Feeds:
Posts
Comments

Posts Tagged ‘drumming’

red yahrzeit candle26 years ago, I buried my mother. I remember one relative telling me she didn’t understand why I was so sad, but I was. As tough as my relationship with my mother was, I knew that once I buried her, I would never be able to make it better.

Over the last 26 years, I have faced some of the horrific memories and found ways to heal. The work is relentless, but the benefits are great. I am blessed to have found ways to navigate the darkness and friends that will listen to me on the rare days when the weight of my pain is too heavy to carry. The good news is that those days are few and far between.

For me, I have found that healing has happened on so many levels. I no longer feel deep anger or sadness on a regular basis. Time has been good to me. Sharing my story has helped me detach and move forward. I can now go months without thinking of the impact of her choices or feeling a physical reaction to my memories of her.

Through her actions, my mother taught me how to be a loving soul and a good mother. I knew I never wanted to mother like her or to lose control of myself to addiction. While I am not perfect, I am good enough and sometimes I am even good!

Changing my name so many years ago was the beginning of my healing journey. Writing, chanting, and drumming helped me dig deeper. Healing from domestic violence does not happen without taking many deep breaths, releasing the tears, and even allowing the nightmares to visit each night.  You have to go through the pain in order to find a softer landing, a better place.

Tonight I am missing the possibilities that were lost upon my mother’s death, but I am also feeling immense gratitude that I am exactly where I am. I may be sad in this moment, but it is the sadness that comes each yahrzeit (anniversary of a death) and each Mother’s Day.

The tears are cleansing. My heart is no longer broken. And I am breathing deeply.

Sadness happens. Healing happens too.

 

Advertisements

Read Full Post »

L I V I N G is holy work.
 
Reflection Time Selfie

Reflection Time Selfie

 
Life is so profoundly full
My body craves less
My mind would love some emptiness
My heart desires just a little more.
 
Dance is the hidden language of the soul. (Martha Graham)
Stretching my entire being
Reaching for the stars
Allowing my body to sway to my own rhythm
 
Losing what I don’t need
Addictions, loved ones, and inner turmoil
Body weight, too much stuff, and lots of old stories
Wanting to celebrate what was
while letting go of what is no longer needed
 
Craving what I need:
Writing time
Creative experiences
and spiritual moments
 
Chanting
Drumming
Journaling
Moving
 
My body
My mind
My soul
Needs so much less and so much more
 
Each time I reach inward, I find more that I want
He who has a why to live can bear with almost any how. (Nietzsche)
My soul yearns to make a difference
My body and mind yearn to see the world through a different lens.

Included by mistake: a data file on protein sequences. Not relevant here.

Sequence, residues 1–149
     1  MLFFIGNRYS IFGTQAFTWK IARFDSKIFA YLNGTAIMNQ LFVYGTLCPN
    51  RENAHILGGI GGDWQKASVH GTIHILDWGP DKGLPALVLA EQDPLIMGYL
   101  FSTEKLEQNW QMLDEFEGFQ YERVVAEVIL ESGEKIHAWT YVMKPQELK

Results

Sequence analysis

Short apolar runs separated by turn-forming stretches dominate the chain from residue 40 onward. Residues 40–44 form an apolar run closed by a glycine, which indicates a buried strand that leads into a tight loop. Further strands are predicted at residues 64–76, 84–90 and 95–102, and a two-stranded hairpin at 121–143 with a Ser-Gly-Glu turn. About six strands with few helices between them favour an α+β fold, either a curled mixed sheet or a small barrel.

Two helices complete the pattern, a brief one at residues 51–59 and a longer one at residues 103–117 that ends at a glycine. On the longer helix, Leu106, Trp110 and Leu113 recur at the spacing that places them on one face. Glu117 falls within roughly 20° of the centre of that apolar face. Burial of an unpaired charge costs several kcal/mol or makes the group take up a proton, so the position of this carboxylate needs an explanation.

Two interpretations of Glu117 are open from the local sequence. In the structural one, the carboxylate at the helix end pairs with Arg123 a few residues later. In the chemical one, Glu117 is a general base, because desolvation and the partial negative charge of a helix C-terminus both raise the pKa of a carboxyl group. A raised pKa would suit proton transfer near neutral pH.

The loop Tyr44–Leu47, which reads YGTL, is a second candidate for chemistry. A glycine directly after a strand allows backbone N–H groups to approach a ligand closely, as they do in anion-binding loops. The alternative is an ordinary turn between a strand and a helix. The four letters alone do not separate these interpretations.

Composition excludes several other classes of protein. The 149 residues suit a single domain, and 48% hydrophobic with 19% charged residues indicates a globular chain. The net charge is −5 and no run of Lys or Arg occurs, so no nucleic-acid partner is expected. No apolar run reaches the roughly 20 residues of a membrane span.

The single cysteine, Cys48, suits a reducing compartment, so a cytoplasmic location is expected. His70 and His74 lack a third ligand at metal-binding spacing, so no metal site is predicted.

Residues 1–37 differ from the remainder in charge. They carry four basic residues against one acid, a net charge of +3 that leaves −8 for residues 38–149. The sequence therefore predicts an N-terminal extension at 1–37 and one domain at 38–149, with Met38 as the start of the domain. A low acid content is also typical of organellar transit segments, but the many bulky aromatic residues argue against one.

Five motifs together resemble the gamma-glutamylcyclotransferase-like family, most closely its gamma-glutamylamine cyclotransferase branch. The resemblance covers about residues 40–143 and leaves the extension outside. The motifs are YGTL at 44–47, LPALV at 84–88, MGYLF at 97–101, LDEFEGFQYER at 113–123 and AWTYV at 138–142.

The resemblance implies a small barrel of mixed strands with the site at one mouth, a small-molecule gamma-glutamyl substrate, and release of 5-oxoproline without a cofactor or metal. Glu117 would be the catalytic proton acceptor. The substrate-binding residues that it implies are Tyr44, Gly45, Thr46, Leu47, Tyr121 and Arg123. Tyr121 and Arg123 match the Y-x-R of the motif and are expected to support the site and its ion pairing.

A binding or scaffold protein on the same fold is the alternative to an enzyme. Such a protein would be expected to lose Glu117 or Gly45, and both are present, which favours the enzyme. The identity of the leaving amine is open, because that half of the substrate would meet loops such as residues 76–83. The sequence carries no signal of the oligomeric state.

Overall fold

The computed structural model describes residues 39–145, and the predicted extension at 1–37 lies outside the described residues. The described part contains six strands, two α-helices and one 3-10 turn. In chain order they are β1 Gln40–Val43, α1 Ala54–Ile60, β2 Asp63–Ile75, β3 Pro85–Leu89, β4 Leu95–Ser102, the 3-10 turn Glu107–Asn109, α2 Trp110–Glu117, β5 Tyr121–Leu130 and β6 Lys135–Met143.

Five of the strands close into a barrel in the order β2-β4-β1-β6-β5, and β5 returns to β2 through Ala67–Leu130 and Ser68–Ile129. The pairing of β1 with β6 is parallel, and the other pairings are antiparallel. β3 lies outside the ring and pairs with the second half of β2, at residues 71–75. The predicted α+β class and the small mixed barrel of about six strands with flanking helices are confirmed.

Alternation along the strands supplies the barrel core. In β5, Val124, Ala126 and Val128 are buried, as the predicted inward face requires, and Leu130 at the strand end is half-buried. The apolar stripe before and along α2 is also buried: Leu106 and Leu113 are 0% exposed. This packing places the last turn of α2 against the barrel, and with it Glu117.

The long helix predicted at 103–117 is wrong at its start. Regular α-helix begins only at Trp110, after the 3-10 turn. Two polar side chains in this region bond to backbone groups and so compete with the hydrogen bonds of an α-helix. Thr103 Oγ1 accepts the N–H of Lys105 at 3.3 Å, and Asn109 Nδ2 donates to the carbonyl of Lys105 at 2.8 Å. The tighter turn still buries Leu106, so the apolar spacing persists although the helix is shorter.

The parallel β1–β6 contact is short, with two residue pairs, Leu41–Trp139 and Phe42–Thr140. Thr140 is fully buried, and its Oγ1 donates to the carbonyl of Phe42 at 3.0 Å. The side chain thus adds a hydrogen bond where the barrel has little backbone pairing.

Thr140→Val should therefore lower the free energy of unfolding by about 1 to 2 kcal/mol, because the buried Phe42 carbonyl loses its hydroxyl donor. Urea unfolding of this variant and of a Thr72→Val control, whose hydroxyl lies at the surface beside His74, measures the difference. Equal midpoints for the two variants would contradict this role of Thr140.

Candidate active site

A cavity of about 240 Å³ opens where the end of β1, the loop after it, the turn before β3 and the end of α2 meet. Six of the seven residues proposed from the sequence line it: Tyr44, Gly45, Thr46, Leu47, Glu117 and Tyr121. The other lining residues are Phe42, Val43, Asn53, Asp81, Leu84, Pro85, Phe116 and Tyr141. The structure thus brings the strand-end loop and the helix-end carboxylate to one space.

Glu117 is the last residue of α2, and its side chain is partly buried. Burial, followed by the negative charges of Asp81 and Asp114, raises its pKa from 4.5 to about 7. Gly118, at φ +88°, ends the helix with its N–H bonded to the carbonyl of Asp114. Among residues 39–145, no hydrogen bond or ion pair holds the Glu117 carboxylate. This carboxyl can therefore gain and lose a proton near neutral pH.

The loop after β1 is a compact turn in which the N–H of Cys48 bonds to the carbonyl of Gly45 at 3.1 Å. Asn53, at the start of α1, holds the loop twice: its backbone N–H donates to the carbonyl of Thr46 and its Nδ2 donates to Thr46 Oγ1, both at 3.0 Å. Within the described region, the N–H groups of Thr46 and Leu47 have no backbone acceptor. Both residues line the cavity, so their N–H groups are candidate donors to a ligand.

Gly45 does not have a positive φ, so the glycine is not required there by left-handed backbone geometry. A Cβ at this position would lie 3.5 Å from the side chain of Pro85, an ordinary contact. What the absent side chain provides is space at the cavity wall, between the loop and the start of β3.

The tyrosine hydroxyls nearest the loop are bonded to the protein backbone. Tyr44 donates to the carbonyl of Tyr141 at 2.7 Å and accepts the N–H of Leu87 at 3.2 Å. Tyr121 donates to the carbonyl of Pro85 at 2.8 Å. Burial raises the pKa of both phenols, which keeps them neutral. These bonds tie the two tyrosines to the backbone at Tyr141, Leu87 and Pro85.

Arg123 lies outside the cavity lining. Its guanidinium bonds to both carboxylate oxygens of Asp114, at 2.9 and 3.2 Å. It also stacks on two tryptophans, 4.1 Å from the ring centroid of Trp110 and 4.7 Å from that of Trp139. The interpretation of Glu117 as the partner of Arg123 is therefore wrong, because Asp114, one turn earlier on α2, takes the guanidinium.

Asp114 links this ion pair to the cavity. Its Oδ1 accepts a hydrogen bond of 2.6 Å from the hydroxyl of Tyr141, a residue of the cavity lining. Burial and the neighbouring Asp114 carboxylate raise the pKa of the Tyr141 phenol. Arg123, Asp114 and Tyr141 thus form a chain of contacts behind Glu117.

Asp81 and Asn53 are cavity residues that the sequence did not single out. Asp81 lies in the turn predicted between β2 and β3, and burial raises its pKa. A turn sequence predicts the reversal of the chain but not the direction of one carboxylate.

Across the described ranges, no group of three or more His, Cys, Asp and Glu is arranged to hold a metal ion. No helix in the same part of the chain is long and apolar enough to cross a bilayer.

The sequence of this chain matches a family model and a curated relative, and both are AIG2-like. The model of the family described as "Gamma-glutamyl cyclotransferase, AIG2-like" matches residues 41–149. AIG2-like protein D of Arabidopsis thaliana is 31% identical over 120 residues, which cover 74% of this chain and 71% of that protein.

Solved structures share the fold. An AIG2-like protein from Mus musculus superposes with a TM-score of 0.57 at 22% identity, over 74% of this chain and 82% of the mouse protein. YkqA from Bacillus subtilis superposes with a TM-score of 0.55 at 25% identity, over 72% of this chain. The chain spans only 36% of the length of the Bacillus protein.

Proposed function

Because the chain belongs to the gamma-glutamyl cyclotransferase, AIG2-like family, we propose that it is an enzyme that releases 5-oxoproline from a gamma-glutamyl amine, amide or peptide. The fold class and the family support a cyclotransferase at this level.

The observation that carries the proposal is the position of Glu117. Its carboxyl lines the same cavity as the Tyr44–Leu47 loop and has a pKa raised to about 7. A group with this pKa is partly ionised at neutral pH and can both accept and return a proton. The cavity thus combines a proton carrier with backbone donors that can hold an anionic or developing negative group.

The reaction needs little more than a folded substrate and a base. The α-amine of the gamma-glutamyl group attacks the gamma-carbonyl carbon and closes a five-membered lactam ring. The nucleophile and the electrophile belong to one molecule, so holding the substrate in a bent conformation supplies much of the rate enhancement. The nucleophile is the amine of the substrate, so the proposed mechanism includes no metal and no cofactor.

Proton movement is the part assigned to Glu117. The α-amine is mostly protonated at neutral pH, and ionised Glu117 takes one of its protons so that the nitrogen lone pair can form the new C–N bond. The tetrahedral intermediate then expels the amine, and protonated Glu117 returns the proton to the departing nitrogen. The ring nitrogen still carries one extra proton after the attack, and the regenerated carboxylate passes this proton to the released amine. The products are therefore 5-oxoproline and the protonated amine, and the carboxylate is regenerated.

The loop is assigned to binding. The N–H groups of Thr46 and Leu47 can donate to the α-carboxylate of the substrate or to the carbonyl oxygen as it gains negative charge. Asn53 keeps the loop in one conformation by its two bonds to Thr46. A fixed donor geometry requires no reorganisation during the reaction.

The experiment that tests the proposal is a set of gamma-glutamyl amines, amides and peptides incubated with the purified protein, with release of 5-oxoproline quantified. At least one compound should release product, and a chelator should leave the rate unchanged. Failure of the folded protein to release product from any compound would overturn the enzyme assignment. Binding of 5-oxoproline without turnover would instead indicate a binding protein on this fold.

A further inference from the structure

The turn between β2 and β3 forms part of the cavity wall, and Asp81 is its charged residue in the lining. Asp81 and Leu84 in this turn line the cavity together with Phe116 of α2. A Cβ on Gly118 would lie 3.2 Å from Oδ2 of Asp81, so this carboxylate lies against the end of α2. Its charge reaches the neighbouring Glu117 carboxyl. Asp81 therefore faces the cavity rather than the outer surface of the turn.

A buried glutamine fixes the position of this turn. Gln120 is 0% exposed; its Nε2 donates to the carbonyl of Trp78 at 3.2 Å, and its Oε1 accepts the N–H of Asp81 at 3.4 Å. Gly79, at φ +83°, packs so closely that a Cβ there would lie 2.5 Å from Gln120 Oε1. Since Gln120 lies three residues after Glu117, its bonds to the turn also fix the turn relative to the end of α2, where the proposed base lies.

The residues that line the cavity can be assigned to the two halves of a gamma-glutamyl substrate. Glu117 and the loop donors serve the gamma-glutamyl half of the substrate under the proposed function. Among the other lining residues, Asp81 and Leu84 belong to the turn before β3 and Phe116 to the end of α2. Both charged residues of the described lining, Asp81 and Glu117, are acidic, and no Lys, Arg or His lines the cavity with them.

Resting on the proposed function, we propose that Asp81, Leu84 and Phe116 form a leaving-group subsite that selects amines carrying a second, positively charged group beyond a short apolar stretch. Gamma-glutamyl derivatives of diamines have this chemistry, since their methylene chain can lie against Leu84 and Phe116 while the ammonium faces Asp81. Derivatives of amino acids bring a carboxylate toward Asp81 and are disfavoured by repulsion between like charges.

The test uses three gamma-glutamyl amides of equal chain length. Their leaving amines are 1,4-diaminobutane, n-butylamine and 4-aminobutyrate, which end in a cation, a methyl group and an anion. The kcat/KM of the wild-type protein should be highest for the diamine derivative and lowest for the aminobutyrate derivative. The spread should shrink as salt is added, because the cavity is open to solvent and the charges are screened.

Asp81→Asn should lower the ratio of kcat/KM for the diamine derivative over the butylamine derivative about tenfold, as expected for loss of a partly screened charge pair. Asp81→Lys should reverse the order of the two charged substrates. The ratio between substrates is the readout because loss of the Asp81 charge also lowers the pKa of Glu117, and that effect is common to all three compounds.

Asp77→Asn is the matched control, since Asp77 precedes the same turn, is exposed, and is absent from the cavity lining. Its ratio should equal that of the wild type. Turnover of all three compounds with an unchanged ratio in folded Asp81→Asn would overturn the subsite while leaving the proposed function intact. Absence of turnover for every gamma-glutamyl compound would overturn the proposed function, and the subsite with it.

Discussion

Let go of the old, make room for the possibilities
 
In front of me is a bridge
Only once I shed what I don’t need
Release what no longer serves me
Take one step and then another
Only then, will I be able to cross the bridge
 
L I V I N G is holy work
So I will do ALL that I have to do.
Hineini
Here I Am
Pantano Wash, Tucson Arizona

Pantano Wash, Tucson Arizona

Read Full Post »

Listen to the Silence

When I was around five years old, my father used to gently place his hands over my ears and lovingly squeeze my ears/head. As he did that, he would say, ‘listen to the silence’. As he did a flood of warmth and a feeling of calmness washed over me. This loving act continued into my teen years and beyond; I think he found a way to slip it into each meeting even after I moved away from home.

After I had sons, my father continued this tradition by gently holding his grandsons head the same way – sometimes to calm them and sometimes just to make them calm.  Once I saw my father do it to his grandsons, I followed the lead and also held Aryeh and Dovi the same way.  Each and every time I did, my children’s faces would light up with a smile that could melt whoever was looking at them.

Over the last few days, I have found myself craving that sensation, not only the physical touch, but the silence that followed it.  There is so much noise occurring within me, around me, and everywhere in the world.  At the moment, there seems to be a shortage of quiet.

My mind has never been one for shutting down. For some reason, I am always thinking. Whether it is about myself, my family, the world, Israel, human rights, human trafficking, my loved one’s challenges, or  the never-ending list of possibilities.  My thoughts are part of who I am and yet, I know I need to find a way to stop and listen to the silence.

Many years ago, I read the space between the notes is as important as the notes themselves.  The same can be said for the space between the words.  The time has come for me to allow for a little more space in my life.  My body and my mind is craving silence, down time, and time to myself.